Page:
Alyssa Agana: We also reached out to friends who recently bought homes to learn more about their experiences. And through that we were able to find a first homebuyers program, which helped a lot.
Chris Agana: We also held devotional prayers together daily and often in the chapel. When we put an offer on this house that we have now, we went straight to the chapel and we prayed about it. And the next day, we found out that the offer was accepted.
Myrtle Alegado : Oh, that’s fabulous. But you know, it sounds like there were so many expenses, you know, one after another. It’s like, your wedding, which you know, was it a big wedding?
Chris Agana: You know, because of COVID it was supposed to be a big wedding and it got smaller, and smaller, and smaller, and actually became a small intimate wedding, which we really appreciated. It helps us save some money, but also I think it was the wedding that God intended for us.
Myrtle Alegado: I keep saying the important thing is you’re married.
Chris Agana: Absolutely.
Myrtle Alegado: And you know, that was the number one goal right? So, it must have been a really exciting feeling when, you know, your offer was accepted. So, you know, what other expenses, in your experience, did you come across with the purchase of your home and, do you have any tips for other newlyweds out there who are going to be first-time home buyers as well?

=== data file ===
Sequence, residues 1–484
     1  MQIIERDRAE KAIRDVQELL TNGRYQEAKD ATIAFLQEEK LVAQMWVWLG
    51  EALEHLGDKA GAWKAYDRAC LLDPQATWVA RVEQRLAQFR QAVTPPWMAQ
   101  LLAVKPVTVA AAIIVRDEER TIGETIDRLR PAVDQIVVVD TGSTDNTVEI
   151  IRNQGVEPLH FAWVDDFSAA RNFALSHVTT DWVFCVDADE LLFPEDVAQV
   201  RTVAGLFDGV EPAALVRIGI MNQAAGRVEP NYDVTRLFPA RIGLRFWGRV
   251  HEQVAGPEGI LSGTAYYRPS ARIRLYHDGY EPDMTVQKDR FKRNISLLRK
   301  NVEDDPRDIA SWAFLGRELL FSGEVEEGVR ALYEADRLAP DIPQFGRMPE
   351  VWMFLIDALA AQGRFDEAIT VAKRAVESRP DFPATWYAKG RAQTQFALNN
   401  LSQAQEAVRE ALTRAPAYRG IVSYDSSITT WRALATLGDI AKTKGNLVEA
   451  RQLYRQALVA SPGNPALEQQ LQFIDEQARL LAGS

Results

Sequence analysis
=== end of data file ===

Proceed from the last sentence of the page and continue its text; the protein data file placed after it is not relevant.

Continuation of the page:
Chris Agana: So, when people are trying to figure out if they can afford a home, oftentimes they get caught up with that big listing price, but it’s important to look at what that monthly payment will look like.
On top of your mortgage, you’ll have to determine if there’s going to be additional monthly fees. So some of these monthly fees are something called an HOA, which is a homeowner’s association fee. This is for property maintenance, and amenities. There’s also something called local community taxes. For example, here in the state of California, we have something called Mello-Roos. There’s also property tax, there’s home insurance, and depending on how much you put down for a downpayment, you may also have to pay something called PMI and this is private mortgage insurance.
There’s additional costs and fees that need to be paid for upfront, such as closing costs, there’s home inspection fees, there’s also appraisal fees. And there’s also an escrow account. So fortunately for us, our first homebuyers program provided us with a free educational course, and this helped us understand the whole process and what to expect financially. And to let everybody know, there’s a lot of free online resources.
Myrtle Alegado : Yeah, a lot of fees that kind of stack on top of one another without even realizing. Like you said, some people just look at the sticker price on the house. Like, “Okay, we can afford that.” And then they’re shocked to learn, well, no, there’s this fee, and that fee, and this expense, and that expense, like even just the home inspection fee. You know, this Mello-Roos. Can you tell me a little bit more about that? It’s not something that I’ve heard of here in Canada. So I’m not sure if it’s just in BC, but I don’t think we have that here in Canada.